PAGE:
BALTIMORE (WJZ)—The U.S. government confirms radiation –in very small amounts — is making its way to the United States.
Derek Valcourt explains what’s being done about it.
Call it miniscule amounts of radiation, so small the state and the federal government are urging everyone not to worry.
It’s a long trip from the site of the Fukushima disaster in Japan to here in the United States, but some radiation has already made it.
Now federal officials say a radioactive form of iodine called iodine 131 has been detected in rainwater in neighboring Pennsylvania and further north in Massachusetts.
The EPA says those rainwater radiation levels are “about 25 times below the level that would be of concern … even for the most vulnerable infants and pregnant women.”
Maryland state health officials say tests of rainwater in Maryland have detected no radiation.
Sensors in Charlottesville, Va. have also detected radioactivity at minute levels.
“They’re very very minute levels. Just traces of radiation,” said Grant Goodell, UVA environmental science professor.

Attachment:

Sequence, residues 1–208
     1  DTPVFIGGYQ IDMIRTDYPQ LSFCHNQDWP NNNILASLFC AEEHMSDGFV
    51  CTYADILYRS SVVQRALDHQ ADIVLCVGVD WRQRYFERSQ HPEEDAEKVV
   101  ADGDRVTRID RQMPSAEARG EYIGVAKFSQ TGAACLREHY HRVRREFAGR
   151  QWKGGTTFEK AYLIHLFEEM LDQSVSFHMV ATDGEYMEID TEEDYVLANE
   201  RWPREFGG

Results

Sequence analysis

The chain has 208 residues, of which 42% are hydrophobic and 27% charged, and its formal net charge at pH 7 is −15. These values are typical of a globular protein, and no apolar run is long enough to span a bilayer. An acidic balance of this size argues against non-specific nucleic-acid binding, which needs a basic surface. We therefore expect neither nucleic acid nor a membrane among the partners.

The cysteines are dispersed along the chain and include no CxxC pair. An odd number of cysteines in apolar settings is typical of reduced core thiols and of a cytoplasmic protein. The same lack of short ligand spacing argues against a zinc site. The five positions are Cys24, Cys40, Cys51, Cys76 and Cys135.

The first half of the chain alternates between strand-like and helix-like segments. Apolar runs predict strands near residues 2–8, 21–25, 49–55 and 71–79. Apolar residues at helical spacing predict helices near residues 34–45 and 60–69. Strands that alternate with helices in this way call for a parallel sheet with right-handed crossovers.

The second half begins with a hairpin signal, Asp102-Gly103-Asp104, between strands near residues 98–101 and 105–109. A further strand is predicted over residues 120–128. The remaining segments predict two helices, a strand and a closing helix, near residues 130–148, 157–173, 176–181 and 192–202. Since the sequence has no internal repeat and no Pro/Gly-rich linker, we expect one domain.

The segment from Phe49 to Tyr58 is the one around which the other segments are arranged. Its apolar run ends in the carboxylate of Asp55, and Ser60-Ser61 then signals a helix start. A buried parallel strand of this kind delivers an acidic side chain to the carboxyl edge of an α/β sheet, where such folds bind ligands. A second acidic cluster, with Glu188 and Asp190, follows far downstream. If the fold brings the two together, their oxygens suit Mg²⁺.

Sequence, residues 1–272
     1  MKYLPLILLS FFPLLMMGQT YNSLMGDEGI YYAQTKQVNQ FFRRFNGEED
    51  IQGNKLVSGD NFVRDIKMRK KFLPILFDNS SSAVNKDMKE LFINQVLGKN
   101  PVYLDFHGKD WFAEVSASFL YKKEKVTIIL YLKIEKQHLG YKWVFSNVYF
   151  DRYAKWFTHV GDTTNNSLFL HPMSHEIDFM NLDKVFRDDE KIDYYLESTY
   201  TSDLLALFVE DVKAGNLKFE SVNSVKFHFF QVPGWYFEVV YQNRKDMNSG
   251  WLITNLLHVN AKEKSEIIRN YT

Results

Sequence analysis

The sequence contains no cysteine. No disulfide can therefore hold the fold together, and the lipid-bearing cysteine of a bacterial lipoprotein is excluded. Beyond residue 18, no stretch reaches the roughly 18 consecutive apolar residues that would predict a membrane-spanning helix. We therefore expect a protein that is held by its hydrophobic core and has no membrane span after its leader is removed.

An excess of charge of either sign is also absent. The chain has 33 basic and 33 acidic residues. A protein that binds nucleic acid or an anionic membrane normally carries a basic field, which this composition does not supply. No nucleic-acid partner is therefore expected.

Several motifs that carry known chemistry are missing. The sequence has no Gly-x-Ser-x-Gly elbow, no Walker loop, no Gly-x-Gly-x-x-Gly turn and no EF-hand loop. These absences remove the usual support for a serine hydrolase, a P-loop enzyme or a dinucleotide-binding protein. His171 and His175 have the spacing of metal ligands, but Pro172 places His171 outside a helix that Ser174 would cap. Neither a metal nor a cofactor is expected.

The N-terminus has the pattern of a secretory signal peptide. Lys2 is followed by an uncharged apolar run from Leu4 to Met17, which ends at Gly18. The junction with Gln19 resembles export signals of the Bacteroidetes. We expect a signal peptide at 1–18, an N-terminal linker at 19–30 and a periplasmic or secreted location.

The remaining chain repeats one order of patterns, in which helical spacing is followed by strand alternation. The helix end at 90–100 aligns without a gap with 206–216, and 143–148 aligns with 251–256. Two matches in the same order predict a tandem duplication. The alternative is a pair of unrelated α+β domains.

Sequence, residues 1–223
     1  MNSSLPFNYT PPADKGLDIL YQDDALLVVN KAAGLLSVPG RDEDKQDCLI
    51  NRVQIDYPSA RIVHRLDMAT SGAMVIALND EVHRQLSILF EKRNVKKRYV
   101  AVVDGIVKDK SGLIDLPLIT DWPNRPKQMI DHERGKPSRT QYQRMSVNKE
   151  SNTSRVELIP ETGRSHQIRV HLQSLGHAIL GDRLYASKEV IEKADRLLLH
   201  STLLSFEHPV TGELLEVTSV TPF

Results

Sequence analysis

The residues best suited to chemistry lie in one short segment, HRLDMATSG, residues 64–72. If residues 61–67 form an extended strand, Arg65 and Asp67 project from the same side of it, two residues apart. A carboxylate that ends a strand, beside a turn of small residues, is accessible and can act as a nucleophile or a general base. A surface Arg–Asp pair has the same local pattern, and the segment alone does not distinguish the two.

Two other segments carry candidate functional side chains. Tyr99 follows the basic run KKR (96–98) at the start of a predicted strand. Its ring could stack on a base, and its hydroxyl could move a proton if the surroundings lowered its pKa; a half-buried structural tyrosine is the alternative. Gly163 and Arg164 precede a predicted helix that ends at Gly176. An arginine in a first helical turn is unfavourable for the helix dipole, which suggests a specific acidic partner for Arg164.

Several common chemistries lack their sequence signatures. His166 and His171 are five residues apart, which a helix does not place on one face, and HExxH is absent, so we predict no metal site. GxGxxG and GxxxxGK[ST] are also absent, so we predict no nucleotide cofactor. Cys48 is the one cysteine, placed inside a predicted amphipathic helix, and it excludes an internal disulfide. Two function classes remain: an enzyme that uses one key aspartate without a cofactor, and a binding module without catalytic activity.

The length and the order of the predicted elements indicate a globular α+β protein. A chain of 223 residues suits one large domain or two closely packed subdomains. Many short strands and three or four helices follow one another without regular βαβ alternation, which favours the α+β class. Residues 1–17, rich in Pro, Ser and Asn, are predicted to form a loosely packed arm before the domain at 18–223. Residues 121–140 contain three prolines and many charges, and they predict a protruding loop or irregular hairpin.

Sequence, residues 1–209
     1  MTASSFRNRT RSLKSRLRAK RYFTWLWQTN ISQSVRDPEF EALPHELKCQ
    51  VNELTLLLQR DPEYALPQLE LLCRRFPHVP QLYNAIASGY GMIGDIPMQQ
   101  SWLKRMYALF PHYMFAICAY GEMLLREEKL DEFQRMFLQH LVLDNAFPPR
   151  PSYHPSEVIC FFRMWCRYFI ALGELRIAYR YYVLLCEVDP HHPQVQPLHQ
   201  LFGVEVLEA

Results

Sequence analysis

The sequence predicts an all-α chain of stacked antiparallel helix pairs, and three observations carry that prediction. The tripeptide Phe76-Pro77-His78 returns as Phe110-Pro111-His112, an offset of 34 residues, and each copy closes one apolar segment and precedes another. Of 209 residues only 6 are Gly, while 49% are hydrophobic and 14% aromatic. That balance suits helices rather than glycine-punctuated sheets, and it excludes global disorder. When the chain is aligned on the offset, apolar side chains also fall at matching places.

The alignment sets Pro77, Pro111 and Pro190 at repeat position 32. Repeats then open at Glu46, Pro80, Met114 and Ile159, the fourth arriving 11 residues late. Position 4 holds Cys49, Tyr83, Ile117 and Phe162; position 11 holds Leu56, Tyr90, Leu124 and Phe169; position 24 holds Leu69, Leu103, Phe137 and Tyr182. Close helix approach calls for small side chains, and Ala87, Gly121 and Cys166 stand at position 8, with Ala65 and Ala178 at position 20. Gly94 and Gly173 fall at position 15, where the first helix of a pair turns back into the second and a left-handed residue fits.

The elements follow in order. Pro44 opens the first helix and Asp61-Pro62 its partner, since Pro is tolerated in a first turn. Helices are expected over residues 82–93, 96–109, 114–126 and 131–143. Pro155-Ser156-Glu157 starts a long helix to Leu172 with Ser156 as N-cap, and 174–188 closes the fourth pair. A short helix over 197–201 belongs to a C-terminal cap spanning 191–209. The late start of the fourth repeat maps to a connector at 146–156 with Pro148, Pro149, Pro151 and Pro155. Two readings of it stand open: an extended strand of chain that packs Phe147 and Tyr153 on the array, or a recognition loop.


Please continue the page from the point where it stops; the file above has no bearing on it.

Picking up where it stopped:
Last week the federal government moved more electronic air monitoring stations to the West Coast in an effort to reassure people in California that there is no serious threat of radiation from Japan.
“It’s much less still than a regular plane flight, particularly if you go to the clinic and have an X-ray,” said Professor Kai Vetter, department of nuclear engineering. “That’s much higher levels you will be exposed to there.”
Plastic filters tell scientists exactly what is floating in the air. Scientists are monitoring the readings around the clock. So far the small radiation levels detected there are all considered perfectly safe.
“There’s no reason to be afraid right now because the harmful levels are not — based on the experts — they’re not heading in our direction,” said Dr. Regina Benjamin, U.S. Surgeon General.
State health officials say they’re keeping a close eye on radiation levels and say Marylanders don’t need to change their food or water consumption whatsoever.